Hood is almost 85 years old but says his biological age is 70, thanks in part to his daily exercise routine that includes 200 pushups, 100 sit ups, and stretching and balancing exercises. He also practises intermittent fasting and takes several supplements.

He says all of those efforts are based on his own personalized genetic profile and mean he’s been able to ward off illness.

“You know, I’m delighted,” he said after completing a round of rapid pushups. “I have a big project ahead of me that’s gonna take 15 to 20 years, so I’m going to be around to see the end of it.”

That big project is taking what he’s doing to the masses, and Hood says it would be nothing short of a revolutionary shift away from the treatment of disease to the avoidance of it altogether.

He believes that data-driven personalized approach to wellness could delay the disease process for years or even decades and has the potential to banish illnesses like Alzheimer’s disease and diabetes.

Hood says he envisions a health system that keeps people well until they die naturally at a very old age — and it’s based on research that he says proves it’s possible.

WATCH | Millionaire spends $2 million a year to reverse aging:

Millionaire tries to reverse aging with extreme $2M/year regimen

Bryan Johnson is doing everything he can — and spending millions — to get younger. CBC’s Ioanna Roumeliotis found out that somewhere in his regimen of extreme diet, exercise and supplements, there might be tips for the rest of us.

Data-driven approach to aging

Over the past five years, Hood and his team have been conducting a series of data-driven experiments based on the genome sequence, gut microbiome, blood plasma proteins and lifestyle information of up to 5,000 people. The goal is to understand how these data points connect to determine an individual’s predisposition to disease and identify early signals — or what Hood calls “transitions” to disease — and act before illness progresses.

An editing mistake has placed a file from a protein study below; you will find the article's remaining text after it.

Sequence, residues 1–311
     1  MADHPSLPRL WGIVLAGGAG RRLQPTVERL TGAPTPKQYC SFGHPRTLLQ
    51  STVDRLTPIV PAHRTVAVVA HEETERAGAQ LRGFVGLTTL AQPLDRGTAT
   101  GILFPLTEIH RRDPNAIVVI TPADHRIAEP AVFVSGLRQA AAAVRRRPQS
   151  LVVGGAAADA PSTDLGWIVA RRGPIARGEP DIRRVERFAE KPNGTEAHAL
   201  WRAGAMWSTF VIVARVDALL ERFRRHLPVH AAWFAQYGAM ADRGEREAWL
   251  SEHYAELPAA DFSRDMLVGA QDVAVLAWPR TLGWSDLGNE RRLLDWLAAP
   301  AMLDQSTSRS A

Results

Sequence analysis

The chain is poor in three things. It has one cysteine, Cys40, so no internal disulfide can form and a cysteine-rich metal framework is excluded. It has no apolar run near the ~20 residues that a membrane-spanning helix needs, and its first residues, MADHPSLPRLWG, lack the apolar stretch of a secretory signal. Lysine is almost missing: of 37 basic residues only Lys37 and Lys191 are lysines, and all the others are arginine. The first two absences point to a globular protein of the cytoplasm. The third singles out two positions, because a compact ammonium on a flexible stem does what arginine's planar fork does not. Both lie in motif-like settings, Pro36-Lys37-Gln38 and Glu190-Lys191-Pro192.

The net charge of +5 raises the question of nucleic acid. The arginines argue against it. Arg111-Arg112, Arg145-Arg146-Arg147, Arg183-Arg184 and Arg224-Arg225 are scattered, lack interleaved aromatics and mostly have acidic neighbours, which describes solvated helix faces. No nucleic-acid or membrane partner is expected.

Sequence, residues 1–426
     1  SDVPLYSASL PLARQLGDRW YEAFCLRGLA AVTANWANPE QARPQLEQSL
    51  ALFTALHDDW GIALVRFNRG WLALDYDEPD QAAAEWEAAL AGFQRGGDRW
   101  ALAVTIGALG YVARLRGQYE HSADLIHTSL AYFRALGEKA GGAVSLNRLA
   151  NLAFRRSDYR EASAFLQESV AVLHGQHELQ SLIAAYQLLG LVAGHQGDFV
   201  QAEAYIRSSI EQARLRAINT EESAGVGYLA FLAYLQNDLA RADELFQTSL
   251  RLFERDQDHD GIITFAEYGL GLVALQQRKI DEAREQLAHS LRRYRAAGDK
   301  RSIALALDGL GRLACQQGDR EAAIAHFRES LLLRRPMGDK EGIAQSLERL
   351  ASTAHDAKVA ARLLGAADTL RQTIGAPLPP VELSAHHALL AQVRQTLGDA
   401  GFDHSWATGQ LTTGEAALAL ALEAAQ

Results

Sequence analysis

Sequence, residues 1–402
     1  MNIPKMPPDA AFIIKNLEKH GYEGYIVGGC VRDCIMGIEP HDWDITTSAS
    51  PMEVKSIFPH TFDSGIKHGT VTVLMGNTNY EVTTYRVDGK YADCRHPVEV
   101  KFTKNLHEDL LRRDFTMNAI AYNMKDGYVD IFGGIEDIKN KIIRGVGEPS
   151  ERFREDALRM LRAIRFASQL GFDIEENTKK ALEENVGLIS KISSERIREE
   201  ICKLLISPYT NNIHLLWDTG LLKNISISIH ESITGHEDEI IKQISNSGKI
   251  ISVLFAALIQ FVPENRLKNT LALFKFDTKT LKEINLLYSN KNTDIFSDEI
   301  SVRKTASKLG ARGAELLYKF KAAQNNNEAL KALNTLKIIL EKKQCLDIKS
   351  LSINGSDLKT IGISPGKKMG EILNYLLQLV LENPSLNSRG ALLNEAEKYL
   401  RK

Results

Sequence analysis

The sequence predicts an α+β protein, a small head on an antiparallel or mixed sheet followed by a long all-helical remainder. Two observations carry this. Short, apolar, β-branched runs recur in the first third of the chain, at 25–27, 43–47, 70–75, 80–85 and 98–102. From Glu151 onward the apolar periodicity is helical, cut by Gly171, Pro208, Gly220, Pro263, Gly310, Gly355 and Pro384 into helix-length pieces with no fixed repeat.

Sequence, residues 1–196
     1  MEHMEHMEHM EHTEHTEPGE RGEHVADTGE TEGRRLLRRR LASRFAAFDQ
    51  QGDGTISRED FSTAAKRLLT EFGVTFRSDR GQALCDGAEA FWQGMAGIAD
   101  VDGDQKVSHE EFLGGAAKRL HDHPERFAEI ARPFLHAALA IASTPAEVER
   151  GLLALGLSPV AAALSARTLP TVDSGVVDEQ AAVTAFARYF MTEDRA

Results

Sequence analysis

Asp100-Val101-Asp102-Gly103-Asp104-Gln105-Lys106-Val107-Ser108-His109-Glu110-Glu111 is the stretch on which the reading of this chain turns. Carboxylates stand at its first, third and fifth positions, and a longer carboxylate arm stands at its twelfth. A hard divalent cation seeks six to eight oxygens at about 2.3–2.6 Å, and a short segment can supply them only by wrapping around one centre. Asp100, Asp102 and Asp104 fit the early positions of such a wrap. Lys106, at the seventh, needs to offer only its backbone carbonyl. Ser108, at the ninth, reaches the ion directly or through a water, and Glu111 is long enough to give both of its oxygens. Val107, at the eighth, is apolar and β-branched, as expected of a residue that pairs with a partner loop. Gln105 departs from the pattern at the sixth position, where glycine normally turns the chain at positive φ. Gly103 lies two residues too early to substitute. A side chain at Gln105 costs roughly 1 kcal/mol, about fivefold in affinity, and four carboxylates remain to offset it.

Hood says a pilot study based on the data of 108 people found that by using genetic and other high-tech diagnostics, his team helped people boost their health and minimize their risk of future disease by making data-driven, personalized adjustments to diets and other lifestyle factors.

Now he wants to collect data on one million people over a decade. He’s talking to members of the U.S. Congress and tech giants to make that happen because he says artificial intelligence or machine learning will be essential to sift through the massive amounts of data to identify hundreds of thousands more signals of early disease.

“We’re utterly confident that for most chronic diseases, we will be able to find those signals,” Hood said, paving the way to preventative personalized treatment.

“It will give each of us the ability for our health span — the number of years we live healthy — to equal our lifespan, which is the number of years we live. And the second thing it’ll do, it gives most of us the guarantee we’ll live with health spans out into our 90s or even in the 100s.”

The key to Hood’s vision is big data, but there are concerns about false signals, privacy breaches and possible discrimination by employers and insurance companies — all issues he says would require rigorous oversight.

Gathering health data that truly represents the diversity of a population is a challenge, and some aging experts question whether data-driven health will truly democratize as well as revolutionize health care.